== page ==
Thomas Fiddleman / David Kopel
Unsettling questions in probe of Waco
What motivated the raid?
[From The Washington Times, Tuesday, June 1, 1993. p. E3]
Congressional investigators studying the mass murder in Waco, Texas,
have correctly decided it is more important, for long-term public
safety, to find out why the siege began than to keep on
second-guessing its end. Why was the federal Bureau of Alcohol,
Tobacco and Firearms assaulting the Branch Davidians in the first
It is increasingly clear that the original federal raid on the
compound never should have occurred, because the BATF's application to
search the premises was far below legal standards.
The warrant to search the Branch Davidian compound near Waco was
procured on the basis of an affidavit from an inexperienced special
agent with the BATF, Davy Aguilera. The affidavit was approved by a
U.S. magistrate who was a former prosecutor. The affidavit, kept
secret during the siege, now has been released. Review of the
affidavit shows that it failed to establish probable cause.
Some parts of the affidavit were patently false. For example,
Agent Aguilera told the federal magistrate that Mr. Koresh had
possession of a "clandestine" firearms publication.
The "clandestine" publication was Shotgun News, a national
newspaper that carries want-ads by gun retailers and wholesalers. The
newspaper is sold at newsstands all over the country, and to tens of
thousands of subscribers. With a circulation of more than 150,000, it
is no more clandestine than the New Republic.
Other errors in the affidavit apparently came from the BATF's and
the magistrate's ignorance of federal gun laws. Although Agent
Aguilera asserted that he knew about federal firearms laws, he
confused the definitions of "machine gun," "destructive device,"
"explosive," and "explosive device." All four terms have very
specific meanings under federal weapons laws, and different rules
apply to different items. The magistrate failed to notice.
Mr. Koresh's group had, according to the BATF affidavit, AK-47
rifles. The affidavit detailed how an undercover agent had observed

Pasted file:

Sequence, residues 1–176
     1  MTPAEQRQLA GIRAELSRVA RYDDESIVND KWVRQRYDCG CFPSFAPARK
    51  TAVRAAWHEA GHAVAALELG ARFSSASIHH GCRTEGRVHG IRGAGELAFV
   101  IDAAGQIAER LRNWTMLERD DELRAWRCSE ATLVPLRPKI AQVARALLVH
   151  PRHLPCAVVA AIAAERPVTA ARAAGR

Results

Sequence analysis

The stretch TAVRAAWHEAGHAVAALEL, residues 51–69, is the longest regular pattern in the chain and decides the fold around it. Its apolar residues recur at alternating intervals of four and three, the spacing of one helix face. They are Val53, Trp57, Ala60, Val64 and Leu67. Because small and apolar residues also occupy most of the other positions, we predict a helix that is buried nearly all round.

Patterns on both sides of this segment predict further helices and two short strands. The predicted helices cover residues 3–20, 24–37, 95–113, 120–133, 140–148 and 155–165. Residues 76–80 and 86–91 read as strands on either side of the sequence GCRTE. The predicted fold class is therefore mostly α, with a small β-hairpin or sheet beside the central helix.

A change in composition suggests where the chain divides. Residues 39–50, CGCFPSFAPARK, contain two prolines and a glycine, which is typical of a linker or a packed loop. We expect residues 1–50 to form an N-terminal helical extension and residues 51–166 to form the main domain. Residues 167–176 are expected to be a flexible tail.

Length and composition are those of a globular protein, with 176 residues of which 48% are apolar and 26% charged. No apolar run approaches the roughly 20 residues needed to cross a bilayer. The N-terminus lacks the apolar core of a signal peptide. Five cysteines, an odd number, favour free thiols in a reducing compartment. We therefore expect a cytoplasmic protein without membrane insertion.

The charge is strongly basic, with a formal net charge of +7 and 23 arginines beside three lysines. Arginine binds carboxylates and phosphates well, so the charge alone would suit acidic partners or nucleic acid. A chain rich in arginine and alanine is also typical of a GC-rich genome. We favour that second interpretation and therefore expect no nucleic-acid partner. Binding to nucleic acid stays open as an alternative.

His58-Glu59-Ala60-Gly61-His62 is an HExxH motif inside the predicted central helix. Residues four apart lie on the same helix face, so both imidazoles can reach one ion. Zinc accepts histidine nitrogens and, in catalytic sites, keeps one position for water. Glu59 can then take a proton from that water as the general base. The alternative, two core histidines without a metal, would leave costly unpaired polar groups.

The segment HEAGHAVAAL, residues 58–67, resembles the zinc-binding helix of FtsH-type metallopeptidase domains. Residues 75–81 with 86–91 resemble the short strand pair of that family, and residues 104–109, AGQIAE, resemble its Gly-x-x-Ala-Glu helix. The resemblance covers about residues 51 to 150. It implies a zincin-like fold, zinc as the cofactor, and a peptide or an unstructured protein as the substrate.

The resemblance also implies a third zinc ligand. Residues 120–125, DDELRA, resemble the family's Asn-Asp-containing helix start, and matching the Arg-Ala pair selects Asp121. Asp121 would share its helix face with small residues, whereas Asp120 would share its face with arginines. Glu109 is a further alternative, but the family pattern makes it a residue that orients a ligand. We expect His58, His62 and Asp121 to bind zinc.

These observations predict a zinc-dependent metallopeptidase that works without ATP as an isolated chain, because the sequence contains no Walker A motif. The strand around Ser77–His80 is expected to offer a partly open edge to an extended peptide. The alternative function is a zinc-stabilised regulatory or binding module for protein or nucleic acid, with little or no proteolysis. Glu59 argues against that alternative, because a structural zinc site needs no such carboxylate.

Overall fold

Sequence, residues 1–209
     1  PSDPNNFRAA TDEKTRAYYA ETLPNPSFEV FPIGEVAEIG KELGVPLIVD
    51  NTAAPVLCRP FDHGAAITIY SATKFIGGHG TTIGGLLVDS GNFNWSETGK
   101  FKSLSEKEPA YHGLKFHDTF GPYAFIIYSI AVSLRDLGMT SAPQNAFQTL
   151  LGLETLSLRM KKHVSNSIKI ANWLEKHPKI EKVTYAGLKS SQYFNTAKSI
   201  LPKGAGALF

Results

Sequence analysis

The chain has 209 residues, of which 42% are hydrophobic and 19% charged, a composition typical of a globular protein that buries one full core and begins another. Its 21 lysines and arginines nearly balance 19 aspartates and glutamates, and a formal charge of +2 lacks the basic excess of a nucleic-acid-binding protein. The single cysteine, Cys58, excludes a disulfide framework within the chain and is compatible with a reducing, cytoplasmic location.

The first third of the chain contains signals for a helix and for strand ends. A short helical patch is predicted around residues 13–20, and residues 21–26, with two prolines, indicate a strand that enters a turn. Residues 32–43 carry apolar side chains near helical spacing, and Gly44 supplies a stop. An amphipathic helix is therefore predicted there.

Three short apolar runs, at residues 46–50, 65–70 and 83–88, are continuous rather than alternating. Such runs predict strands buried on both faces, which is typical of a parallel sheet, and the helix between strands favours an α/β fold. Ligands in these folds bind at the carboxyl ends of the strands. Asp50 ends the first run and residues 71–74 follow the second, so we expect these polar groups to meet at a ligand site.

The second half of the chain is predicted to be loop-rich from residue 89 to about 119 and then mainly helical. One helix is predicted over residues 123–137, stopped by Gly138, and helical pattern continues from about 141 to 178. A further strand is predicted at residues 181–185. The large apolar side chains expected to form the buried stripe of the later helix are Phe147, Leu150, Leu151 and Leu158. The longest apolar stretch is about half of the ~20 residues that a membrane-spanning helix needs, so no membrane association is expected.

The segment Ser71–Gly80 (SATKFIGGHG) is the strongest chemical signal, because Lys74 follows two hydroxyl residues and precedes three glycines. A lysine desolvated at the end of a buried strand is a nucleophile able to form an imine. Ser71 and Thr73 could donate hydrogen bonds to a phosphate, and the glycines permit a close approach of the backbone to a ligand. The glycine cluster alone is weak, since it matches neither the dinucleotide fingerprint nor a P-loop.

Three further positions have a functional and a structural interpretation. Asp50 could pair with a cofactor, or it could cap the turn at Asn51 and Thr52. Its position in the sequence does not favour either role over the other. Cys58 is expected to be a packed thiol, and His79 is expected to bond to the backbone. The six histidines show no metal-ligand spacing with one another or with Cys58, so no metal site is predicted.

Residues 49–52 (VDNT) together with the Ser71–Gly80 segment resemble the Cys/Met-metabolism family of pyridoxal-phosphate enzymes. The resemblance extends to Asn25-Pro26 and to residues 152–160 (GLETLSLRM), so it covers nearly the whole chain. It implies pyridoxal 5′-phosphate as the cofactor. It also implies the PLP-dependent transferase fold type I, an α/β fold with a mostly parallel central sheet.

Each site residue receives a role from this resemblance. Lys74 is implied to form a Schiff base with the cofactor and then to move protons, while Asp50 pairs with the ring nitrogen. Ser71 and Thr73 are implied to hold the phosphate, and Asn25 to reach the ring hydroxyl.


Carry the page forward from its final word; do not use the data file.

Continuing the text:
the upper and lower receivers of disassembled AK-47s. (The receiver
is the housing for a gun's working parts). But in truth, the
informant could not have seen what he claimed. The AK-47 has a
unitary receiver, not separate upper and lower receivers.
Mr. Aguilera asserted that a neighbor heard machine-gun fire; but
Mr. Aguilera failed to tell the magistrate that the same neighbor had
previously reported the noise to the sheriff. The sheriff found that
Mr. Koresh had a lawful item called a "hell fire device", which
simulates the sound of machine-gun fire but does not turn a regular
gun into a machine gun.
All other allegations that Mr. Koresh owned machine guns were made
by persons who were clearly ignorant of firearms and could not
reliably testify to whether the guns, or the pictures of guns, they
saw were legal semiautomatic firearms or illegal machine guns.
Amazingly, the magistrate apparently failed to notice that Mr.
Aguilera had sworn that his informants were knowledgeable or reliable.
The only legal violation that the BATF actually alleged was that
the Davidians possessed machine guns without having paid the required
$200 federal tax. Other than statements from people who knew
virtually nothing about guns, the only evidence that the BATF offered
was proof that the Davidians had bought spare parts for guns. The
spare parts were usable for both legal semiautomatic rifles and
illegal machine guns; the Davidians violated no laws by purchasing
Why did the BATF think Mr. Koresh was going to be violent, thereby
justifying its perpetrating an armed assault to present a simple
search warrant? The affidavit contained an allegation that Mr. Koresh
had told a social worker that he was a messenger of God and that, when
the time came, the violence in Waco would make the Los Angeles Riots
pale in comparison. The statement, however, was supposedly made on
April 6, 1992 -- 3 1/2 weeks the LA riots began. Apparently someone
lied about Mr. Koresh's "threat", and the magistrate didn't notice.
BATF director Stephen Higgins testified to Congress that as of
December 1992, there was not probable cause to justify the arrest and
search. What happened between December and late February to establish
probable cause? In January, BATF agents merely reconfirmed statements
made in 1992, or investigated witnesses who hadn't been in the
compound for several months, so the information was legally "stale".
What about February? An undercover agent told of a meeting with
Mr. Koresh, at which Mr. Koresh read the Bible, played the guitar,
voiced support for the right to keep and bear arms, called federal gun
laws stupid, and showed a videotape in which the BATF was accused of
using lies and threats to take away the rights of gun owners. Which
of these actions established probable cause for an armed BATF raid?
The most important protections of the sanctity of every American's
home are the good judgment and reliability of teh law enforcement
community and a judiciary that carefully scrutinizes law enforcement
claims. All of these protections were absent when the BATF asked a
federal magistrate in Texas for permission to raid the Branch Davidians.
Theodore Fiddleman is a free-lance writer. David B. Kopel is director
of the Firearms research Project at the Independence Institute in
Denver and an associate policy analyst of the Cato Institute.
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